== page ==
Zinzi Edmundson is the editor of Knit Wit, a new magazine about fiber art, textiles and the people who put it all together. The magazine is in the process of being funded on Kickstarter — help them reach their goal by pre-ordering a copy of Issue 1 or claiming any number of delightful donor rewards.
About a year ago, I had the idea to make a zine about knitting. I’ve been knitting since I was eight years old, and as a media-consumer version of a Hungry Hungry Hippo, I wasn’t finding a lot of outlets that sated both my love of knitting and my preference for anything remotely contemporary. I decided to call it Knit Wit.
Here’s what happened: As soon as I started digging, I found a lot, a lot, of incredible artists, makers and crafters — and tons, tons, of their outstanding work. But they weren’t all knitters. They were alpaca farmers, weavers, yogis (more on that in Issue 1!) and shibori masters. So I changed, rearranged, and now Knit Wit, the first-person zine, has become Knit Wit, the 108-page, full-color perfect-bound magazine with contributors from all over the world writing about knitting, fiber art, textiles and people. Evidently, I have a problem limiting my scope.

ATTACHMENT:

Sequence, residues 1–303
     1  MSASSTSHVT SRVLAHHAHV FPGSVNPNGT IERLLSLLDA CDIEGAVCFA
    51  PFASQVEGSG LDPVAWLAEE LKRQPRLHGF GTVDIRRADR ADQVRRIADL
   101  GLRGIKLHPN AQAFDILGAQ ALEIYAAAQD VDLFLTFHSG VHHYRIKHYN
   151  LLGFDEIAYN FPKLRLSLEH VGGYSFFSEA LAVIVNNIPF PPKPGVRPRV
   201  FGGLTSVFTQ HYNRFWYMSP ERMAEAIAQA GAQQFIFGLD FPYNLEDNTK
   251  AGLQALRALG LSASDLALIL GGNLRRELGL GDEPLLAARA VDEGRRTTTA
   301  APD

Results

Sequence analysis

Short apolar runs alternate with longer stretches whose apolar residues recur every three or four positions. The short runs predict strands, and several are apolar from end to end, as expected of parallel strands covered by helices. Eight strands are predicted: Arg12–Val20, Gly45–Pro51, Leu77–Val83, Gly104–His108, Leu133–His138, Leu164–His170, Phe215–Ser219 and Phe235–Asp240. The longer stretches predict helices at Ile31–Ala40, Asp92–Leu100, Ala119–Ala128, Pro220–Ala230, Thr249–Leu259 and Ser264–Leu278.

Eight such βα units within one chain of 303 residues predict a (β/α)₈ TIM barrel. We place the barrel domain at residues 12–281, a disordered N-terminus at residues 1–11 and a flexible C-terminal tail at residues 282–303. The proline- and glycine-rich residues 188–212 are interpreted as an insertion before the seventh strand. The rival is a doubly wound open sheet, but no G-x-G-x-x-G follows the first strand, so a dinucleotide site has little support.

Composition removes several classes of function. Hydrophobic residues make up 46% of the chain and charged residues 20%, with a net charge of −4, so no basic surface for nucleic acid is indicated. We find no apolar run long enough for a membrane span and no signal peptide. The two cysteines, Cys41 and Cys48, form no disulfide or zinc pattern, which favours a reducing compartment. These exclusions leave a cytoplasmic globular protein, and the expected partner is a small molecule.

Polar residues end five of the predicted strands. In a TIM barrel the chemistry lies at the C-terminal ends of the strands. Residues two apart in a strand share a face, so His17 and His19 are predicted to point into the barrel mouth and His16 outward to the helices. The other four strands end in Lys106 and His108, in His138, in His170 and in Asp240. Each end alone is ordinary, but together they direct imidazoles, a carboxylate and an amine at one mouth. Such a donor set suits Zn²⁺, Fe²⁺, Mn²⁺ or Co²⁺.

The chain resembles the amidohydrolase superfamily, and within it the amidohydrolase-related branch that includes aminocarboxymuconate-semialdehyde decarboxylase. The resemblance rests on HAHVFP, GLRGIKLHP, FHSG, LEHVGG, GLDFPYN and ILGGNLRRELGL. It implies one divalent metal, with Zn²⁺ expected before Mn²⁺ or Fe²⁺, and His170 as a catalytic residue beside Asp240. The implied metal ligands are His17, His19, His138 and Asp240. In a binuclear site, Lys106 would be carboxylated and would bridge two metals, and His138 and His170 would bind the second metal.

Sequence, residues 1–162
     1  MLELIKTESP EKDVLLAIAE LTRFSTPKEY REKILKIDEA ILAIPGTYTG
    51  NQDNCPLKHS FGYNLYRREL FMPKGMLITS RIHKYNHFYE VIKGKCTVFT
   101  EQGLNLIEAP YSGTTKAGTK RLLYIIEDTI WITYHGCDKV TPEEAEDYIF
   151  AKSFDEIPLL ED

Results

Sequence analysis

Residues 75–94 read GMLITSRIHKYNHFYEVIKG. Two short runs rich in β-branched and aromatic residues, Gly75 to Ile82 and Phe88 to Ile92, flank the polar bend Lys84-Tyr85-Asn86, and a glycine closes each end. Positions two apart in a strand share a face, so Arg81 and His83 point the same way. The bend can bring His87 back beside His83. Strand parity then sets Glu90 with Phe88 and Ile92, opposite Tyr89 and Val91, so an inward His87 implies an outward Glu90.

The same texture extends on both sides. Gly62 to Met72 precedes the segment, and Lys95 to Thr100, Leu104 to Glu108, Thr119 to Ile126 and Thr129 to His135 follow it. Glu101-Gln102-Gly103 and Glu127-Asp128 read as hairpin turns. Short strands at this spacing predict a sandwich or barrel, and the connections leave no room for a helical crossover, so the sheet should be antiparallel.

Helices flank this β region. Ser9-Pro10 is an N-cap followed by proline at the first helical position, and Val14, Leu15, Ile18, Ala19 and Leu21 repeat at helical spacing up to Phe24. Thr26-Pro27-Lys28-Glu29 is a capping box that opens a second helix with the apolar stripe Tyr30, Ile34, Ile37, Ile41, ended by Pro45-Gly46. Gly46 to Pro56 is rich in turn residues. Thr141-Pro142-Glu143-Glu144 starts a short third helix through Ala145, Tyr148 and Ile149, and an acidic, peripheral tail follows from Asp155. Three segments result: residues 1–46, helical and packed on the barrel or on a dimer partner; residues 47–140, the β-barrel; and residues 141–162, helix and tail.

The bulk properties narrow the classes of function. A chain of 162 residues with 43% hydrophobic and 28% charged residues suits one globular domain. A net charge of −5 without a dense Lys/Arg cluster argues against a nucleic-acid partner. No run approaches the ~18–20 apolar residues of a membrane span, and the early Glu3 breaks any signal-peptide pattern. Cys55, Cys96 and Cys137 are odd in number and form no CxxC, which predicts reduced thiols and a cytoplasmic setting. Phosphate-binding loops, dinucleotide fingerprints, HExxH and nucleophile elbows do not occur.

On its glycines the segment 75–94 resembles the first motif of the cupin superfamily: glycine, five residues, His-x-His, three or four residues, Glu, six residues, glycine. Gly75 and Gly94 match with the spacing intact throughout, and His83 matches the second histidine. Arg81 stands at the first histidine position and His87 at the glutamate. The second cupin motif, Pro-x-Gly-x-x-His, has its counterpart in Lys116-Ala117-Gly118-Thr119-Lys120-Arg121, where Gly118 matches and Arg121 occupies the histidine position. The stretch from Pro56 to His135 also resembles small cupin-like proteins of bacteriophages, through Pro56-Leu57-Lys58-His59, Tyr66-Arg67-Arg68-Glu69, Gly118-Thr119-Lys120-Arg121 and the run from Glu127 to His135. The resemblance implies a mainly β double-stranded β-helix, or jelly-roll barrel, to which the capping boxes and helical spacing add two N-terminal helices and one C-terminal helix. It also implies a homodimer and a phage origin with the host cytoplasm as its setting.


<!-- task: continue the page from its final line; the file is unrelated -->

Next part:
But limiting your scope is hard to do when the process of discovery and the excitement of sharing those discoveries is the whole point. So that’s why I’m very happy to have the opportunity to share with you, Etsy readers, some of the things I love here on this site.
Finnish crocheter Aimankaki’s rugs are just plain awesome. The round ones are like gigantic human coasters!
Graham Keegan’s shibori technique produces super-delicate patterns on t-shirts, handkerchiefs and leather-trimmed canvas totes. Is it weird to say that they remind me of delightful spiderwebs? Because they really do.
Anyone within shouting distance of me lately knows I’m big into tassels. I love the clean colorways Forestiere chose for their tassel necklaces. More tassels, more better!
The fastest way to ditch the “I could do that” mentality and go straight into admiration mode is to try actually doing something yourself. Which is why a pretty loom and hot pink (!) accessories from Loom & Spindle are must-haves for budding fiber aficionados.
Donna Kallner’s plant-dyed yarns have some of the most beautiful and subtle colorways. I can’t wait to get my hands on a few skeins.
The Knit Kid is one of those shops that I eventually just have to close the window on because I simply can’t buy everything I want at once.
Like what you see? Then go to Knit Wit‘s Kickstarter page to help fund the project!